The World Bank just issued Trump a chilling warning that could sink his 2020 bid

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President Trump has touted the unilateral trade tariffs he imposed recently as a way for America to finally get a fair deal –  but the World Bank warns in a new report that he may be paving the bumpy road to another global economic recession as bad or even worse than the crisis that shook America a decade ago.

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“The risk of mounting trade protectionism has…intensified,” warns the report on “Global Economic Prospects”

“A worldwide escalation of tariffs up to the limits permitted under existing international trade rules,” adds the report, “could lead to cumulative trade losses equivalent to those experienced during the global financial crisis in 2008-09.”

In recent weeks Trump has acted without the approval of Congress to levy stiff new tariffs on steel, aluminum, and other products, on China and otherwise friendly international allies like the countries of the European Union, Canada, and Mexico causing them to retaliate with their own new tariffs on the import of American goods, products, and agricultural output.

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Trump is also threatening to go back on the 25-year-old NAFTA pact which has led to a huge increase in commerce across North America, claiming he may be able to do better if he negotiates one-on-one with Canada and Mexico.

“It’s really hard to believe that he is going to abolish NAFTA, that the American business community with its integrated supply chains (and their friends on the R side in Congress, will meekly accept this, or that Mexico and Canada would agree to such an obvious divide-and-conquer tactic,” David Wessel of the Brookings Institute told Axios.

This is being called a trade war and like most wars, there will be a lot of losses, victims and unpredictable outcomes that will, in the end, make the cure worse than the disease. 

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The World Bank warns that these tariff increases are likely to result in “severe consequences” for global trade that could be worse than what happened n 2008.

“A broad-based increase in tariffs worldwide would have major adverse consequences for global trade and activity,” says the report.

“An escalation of tariffs up to legally-allowed bound rates could translate into a decline in global trade flows amounting to 9 percent, similar to the drop seen during the global financial crisis of 2008-09.”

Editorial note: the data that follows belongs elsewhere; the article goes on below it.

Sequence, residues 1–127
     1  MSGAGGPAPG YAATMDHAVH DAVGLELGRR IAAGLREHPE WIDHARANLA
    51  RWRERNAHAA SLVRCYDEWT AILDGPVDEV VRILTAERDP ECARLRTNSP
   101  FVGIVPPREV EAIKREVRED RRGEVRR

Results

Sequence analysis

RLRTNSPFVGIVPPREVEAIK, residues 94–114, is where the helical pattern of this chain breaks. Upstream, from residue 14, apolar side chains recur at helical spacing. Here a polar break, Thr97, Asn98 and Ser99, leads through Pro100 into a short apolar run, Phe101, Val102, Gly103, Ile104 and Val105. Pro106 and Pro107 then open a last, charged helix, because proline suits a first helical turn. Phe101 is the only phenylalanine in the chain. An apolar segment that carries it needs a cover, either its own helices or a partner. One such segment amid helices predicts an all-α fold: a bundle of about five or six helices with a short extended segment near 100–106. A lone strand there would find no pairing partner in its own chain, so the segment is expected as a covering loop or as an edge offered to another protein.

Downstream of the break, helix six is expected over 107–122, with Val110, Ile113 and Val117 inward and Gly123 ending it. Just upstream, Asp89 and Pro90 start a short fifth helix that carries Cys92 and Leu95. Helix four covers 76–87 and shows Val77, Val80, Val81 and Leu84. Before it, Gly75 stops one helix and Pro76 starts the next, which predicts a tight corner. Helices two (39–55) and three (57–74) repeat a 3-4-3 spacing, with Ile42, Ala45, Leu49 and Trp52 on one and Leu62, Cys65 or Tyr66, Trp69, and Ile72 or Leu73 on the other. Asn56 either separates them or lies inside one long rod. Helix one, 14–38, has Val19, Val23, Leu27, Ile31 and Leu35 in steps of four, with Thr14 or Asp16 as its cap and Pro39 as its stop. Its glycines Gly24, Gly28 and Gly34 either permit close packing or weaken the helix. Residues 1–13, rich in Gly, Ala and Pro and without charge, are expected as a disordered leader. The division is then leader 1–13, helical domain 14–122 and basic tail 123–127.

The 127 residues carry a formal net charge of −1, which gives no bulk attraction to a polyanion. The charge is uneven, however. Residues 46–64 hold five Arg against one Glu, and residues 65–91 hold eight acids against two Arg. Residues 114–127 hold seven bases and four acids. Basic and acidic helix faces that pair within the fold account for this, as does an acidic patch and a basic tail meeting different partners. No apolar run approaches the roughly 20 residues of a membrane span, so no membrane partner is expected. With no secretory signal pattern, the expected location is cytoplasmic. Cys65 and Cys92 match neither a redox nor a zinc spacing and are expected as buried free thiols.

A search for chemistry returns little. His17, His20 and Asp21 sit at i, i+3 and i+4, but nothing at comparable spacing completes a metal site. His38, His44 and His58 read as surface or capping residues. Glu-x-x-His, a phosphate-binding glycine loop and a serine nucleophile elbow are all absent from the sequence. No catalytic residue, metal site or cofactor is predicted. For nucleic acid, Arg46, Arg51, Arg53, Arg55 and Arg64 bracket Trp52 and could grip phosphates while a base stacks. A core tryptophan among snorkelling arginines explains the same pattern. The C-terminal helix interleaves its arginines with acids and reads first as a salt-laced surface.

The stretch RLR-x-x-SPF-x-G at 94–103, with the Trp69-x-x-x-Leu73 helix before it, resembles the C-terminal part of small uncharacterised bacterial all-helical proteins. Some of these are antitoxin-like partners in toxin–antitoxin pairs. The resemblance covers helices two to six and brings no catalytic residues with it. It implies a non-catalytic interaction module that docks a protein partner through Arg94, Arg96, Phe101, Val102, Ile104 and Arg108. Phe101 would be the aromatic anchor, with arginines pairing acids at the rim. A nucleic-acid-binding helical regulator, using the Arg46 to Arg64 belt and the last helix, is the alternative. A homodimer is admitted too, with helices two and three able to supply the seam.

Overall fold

Trump’s use of executive orders to impose the tariffs without consulting other major players in the U.S. government and the business community may be what puts the brakes on some of his rogue economic policies.

This time it’s not just Democrats and Independents who hate what the president is doing. It is also some leading Republicans.

In fact, a group of Republican Senators has attached an amendment to the must-pass defense authorization bill that would limit Trump’s ability to use “national security” as his excuse for imposing tariffs.

Today, Trump called Republican Senator Bob Corker (R-TN) and asked him to withdraw his amendment but Corker told an angry Trump that he plans to proceed, according to CNN.

“He’s not pleased with the effort,” Corker, who is retiring at the end of his term.
It is unclear whether the amendment will actually be in the final bill because of opposition from Republicans who fear going up against the president in an election year, and a lack of support in the House of Representatives, even though Speaker Paul Ryan opposes many of the tariffs personally.
Trump can also expect to hear from allies this weekend at the G-7 conference n Quebec, Canada, where the world’s biggest economies, and countries that have stood with America since World War II, will share their anger over the new trade war.
The big winner in what Trump has done is Russia, which is enjoying the rapid rise in the price of oil (set off when Trump walked away from the Iran Nuclear deal) and watching America’s best friends in the world in a squabble which shows the U.S. is no longer a leader others want to follow.
Whatever benefits Trump thinks he can win in trade are being offset by the ill will he is creating, the damage being done to longtime economic and military partnerships, and the sense that America is no longer a fair-minded member of the global community, but instead has become an unpredictable and not very likable bully. 
At least Trump pal Putin must be pleased, but that is bad news for the rest of us.
Benjamin Locke

Benjamin Locke is a retired college professor with an undergraduate degree in Industrial Labor and Relations from Cornell University and an MBA from the European School of Management.

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